Media coverage of Russian propaganda may have waned after the 2016 election, but Kremlin watchers warn that Moscow’s influence campaign remains robust.

"It’s dangerous to think this was a 2016 issue and only related to the presidential election," said Fly, of the German Marshall Fund. "The bigger problem is that the Russians never left. They’re clearly continuing this."

During hearings on Capitol Hill about the role of social media in Russia’s election meddling, executives from Facebook and Twitter noted an uptick in messaging that called into question Trump’s legitimacy as president following his electoral win.

"In the wake of the election, and now-President Trump's (transition), we saw a lot of activity directed at fomenting discord about the validity of his election," Facebook general counsel Colin Stretch told lawmakers in an Oct. 31 hearing.

Despite these efforts, Russia’s post-election propaganda has been mostly supportive of the Trump administration, Fly said. Overall, he added, Kremlin-backed trolls take an "equal opportunity" attitude when it comes to courting controversy.

He noted that Russian-linked accounts pushed messages related both to white supremacy and Black Lives Matter following the racially-charged fatal clashes in Charlottesville, Va., in August.

"They go after both sides," Fly said.

Russian propagandists caught lawmakers’ attention for playing both sides on the debate over NFL football players kneeling during the national anthem to draw attention to criminal justice issues.

"We watched, even this weekend, the Russians and their troll farms, their internet folks, start hashtagging out #TakeAKnee and also hashtagging out #BoycottNFL," Sen. James Lankford, R-Okla., said during a Sept. 27 hearing on national security.

Their aim, he said, was "to try to raise the noise level of America and make a big issue seem like an even bigger issue, as they are trying to push divisiveness in this country."

This year, Russian trolls defended the lightning-rod candidacy of Alabama Republican Senate hopeful Roy Moore, who narrowly lost. They bogged down the FCC’s public comment process with millions of fake entries before the controversial net neutrality repeal vote.

They fanned the flames after a not guilty verdict was handed down in the politically-charged case of Kate Steinle. They even amplified the drama around the coffee machine company Keurig’s decision to pull ads from Sean Hannity’s Fox News show.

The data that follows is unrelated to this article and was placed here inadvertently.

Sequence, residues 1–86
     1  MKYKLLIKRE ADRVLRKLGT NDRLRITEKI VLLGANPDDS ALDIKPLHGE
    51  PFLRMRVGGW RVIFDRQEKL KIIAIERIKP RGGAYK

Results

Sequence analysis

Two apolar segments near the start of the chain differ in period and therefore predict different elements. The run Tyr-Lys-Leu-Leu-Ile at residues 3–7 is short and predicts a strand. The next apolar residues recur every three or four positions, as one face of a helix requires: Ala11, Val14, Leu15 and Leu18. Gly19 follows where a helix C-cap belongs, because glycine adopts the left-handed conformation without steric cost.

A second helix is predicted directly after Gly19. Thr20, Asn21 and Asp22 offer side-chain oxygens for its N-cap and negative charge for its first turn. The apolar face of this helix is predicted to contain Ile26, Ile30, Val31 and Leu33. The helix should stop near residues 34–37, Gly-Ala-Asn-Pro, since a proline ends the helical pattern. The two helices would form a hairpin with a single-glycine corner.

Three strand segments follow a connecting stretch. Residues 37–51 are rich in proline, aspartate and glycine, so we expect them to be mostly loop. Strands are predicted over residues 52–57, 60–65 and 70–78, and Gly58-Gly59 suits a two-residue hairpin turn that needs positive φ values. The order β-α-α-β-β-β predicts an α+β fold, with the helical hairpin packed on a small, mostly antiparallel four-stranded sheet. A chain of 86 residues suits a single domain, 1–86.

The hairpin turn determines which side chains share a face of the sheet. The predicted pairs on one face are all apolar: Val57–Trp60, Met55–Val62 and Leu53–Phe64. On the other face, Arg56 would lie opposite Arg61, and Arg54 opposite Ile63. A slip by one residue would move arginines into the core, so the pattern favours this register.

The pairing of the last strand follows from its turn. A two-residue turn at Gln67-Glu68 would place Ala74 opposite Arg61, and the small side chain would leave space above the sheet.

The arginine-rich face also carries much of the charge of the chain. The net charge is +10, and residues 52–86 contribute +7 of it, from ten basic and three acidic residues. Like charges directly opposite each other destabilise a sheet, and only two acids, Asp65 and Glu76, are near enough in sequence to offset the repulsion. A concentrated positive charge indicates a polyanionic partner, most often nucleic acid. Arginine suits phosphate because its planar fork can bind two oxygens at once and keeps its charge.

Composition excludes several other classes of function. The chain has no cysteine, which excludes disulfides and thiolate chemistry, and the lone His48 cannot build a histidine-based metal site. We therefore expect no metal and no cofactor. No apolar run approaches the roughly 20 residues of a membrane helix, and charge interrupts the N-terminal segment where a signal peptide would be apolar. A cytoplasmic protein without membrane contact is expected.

Fly said increased awareness of these activities is a positive first step toward eventually mitigating the problem. But the Kremlin’s propaganda machine will continue to pose a challenge for some time, he said.

"This is like a dial that can be turned up every day, every hour," he said. "If they want to weigh in on an election, they can dial it up."

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Our Sources

Senate Judiciary Committee hearing on Russia’s 2016 election interference, Oct 31, 2017

Senate Intelligence Committee hearing on Russia’s 2016 election interference, Nov. 1, 2017

U.S. Intelligence Community Assessment, Assessing Russian activities and intentions in recent U.S. elections, Jan. 6, 2017

PolitiFact, "2017 Lie of the Year: Russian election interference is a 'made-up story' " Dec. 12, 2017

PolitiFact, "What you need to know about net neutrality," Dec. 13, 2017

PolitiFact, "Donald Trump's misleading claims in the Kate Steinle case, fact-checked," Dec. 18, 2017

Mother Jones, "Russian Propagandists Are Pushing for Roy Moore to Win," Dec. 11, 2017

NPR, "As FCC Prepares Net-Neutrality Vote, Study Finds Millions of Fake Comments," Dec. 14, 2017

Hamilton 68, Tracking Russian Influence Operations on Twitter, accessed Dec. 18, 2017

Interview with Jamie Fly, a senior fellow at the German Marshall Fund, Dec. 18, 2017

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Russia's social media efforts in 2016 were not just false but inflammatory